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In The Beginning Was The d20. Daniel is a long-time computing geek who spends his days spreading this good word. Interests include painting, medieval swordsmanship, and every conceivable form of game design.


May
10
comment Neverwhere game with Dresden rules
That Misfits episode is a good basis. For a Neverwhere style approach, consider the Marquis de Carabas. At least half his livelihood is trading in items that grant magical powers, at a substantial cost to the buyer.
May
10
comment Should armor have invulnerability to some objects in Vampire: the Masquerade?
+1 for an excellent summary of principles of armour. Just awesome. Thanks, particularly for points 3 and 4 - these are common misconceptions for people used to gun-based eras, and I'd like to back them up. (I know half a dozen longsword moves intended to disable someone with a head hit; I can't even imagine any supposed to break through the helmet.)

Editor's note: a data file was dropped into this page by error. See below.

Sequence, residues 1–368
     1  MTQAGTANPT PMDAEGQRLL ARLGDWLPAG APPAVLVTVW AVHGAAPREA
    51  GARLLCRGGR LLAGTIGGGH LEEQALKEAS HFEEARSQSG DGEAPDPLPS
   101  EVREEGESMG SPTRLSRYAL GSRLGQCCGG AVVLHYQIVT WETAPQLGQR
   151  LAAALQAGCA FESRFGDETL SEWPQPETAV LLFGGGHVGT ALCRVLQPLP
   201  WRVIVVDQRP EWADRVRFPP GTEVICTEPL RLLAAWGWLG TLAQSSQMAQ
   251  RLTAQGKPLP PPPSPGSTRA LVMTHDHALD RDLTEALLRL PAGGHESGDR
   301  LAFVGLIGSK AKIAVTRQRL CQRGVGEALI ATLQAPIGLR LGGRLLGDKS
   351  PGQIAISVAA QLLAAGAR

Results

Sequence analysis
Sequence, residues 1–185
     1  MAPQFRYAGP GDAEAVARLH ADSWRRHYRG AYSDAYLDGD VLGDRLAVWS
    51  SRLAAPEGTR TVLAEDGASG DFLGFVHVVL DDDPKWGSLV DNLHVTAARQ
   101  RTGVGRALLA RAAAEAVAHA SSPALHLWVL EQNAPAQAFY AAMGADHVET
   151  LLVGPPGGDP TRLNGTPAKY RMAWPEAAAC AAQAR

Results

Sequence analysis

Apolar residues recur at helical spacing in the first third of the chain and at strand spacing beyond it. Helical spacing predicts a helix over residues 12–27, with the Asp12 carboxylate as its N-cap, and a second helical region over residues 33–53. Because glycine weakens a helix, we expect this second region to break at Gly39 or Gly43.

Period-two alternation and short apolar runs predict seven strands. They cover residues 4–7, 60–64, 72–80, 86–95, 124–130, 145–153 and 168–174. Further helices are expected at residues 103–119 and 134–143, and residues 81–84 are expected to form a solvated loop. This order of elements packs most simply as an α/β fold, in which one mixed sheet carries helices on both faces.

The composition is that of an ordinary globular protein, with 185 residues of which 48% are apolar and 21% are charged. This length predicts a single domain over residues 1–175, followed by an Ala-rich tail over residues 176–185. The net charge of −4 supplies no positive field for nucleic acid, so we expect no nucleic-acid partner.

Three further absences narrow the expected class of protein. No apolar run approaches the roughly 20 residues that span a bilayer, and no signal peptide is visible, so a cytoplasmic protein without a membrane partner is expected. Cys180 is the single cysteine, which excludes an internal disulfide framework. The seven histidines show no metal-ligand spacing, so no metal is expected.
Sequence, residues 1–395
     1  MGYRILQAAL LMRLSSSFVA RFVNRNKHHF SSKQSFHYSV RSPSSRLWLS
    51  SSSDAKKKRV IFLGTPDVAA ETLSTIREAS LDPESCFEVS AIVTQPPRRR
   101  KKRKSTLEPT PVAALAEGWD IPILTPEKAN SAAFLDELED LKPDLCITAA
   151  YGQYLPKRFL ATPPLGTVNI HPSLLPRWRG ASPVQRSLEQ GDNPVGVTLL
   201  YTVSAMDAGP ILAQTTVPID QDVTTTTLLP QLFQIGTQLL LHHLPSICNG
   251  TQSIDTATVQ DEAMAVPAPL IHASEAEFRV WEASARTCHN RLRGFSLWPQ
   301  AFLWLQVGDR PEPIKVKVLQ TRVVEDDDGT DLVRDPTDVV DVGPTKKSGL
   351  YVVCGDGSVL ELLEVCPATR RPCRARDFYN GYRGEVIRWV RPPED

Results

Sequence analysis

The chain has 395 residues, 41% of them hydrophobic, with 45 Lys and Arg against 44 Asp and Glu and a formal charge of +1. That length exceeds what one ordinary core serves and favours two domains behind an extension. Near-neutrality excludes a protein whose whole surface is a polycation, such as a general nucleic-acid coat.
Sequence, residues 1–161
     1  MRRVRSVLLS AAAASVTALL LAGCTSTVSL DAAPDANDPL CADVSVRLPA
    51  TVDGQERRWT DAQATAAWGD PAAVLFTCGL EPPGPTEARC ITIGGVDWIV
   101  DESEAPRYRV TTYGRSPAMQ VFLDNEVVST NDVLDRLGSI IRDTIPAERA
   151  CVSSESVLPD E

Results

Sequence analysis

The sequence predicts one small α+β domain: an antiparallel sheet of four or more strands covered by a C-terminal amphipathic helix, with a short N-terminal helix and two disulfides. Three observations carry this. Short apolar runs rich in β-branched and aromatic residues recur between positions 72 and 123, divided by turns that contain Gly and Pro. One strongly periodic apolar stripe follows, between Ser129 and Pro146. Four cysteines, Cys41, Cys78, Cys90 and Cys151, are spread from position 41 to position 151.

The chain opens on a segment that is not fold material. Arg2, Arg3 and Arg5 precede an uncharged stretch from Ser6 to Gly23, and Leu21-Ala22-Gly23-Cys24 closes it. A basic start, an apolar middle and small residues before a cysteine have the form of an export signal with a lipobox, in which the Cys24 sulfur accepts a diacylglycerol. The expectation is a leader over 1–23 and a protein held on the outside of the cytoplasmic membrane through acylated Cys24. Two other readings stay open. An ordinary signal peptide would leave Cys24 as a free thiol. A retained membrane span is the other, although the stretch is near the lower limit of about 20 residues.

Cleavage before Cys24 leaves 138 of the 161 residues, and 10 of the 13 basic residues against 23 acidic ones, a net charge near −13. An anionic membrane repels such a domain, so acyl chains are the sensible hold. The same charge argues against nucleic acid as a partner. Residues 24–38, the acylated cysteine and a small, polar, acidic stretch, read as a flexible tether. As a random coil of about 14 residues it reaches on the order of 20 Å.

May
10
comment Should armor have invulnerability to some objects in Vampire: the Masquerade?
@goofdad: You're completely correct, but that assumes that the players can heal between fights. That's true if you increase the damage output without increasing lethality, but not if you increase the chance of outright character-slaying injuries. (Since we're talking about Vampire, death isn't much of a handicap anyway... but loss of heads is.)
May
10
comment Should armor have invulnerability to some objects in Vampire: the Masquerade?
Fur Gnarl existed in 2nd and revised edition. Difficulty 7, reduces armor by 1 for every 2 damage done. Damaging attack is at +2 difficulty, because it has to hit the 'bare' spot to get the advantage. (Guess how much Werewolf I've run...)
May
10
comment Should armor have invulnerability to some objects in Vampire: the Masquerade?
@psr is correct here. Also, increased lethality favours the PCs in any one fight, but it's bad for them in the long run, in proportion to how often they expect to fight. (Increased lethality is terrible for PCs in strongly combat-oriented games, because eventually the odds will catch up and kill you. Winning all the other fights faster and then dying still leaves the PC dead...)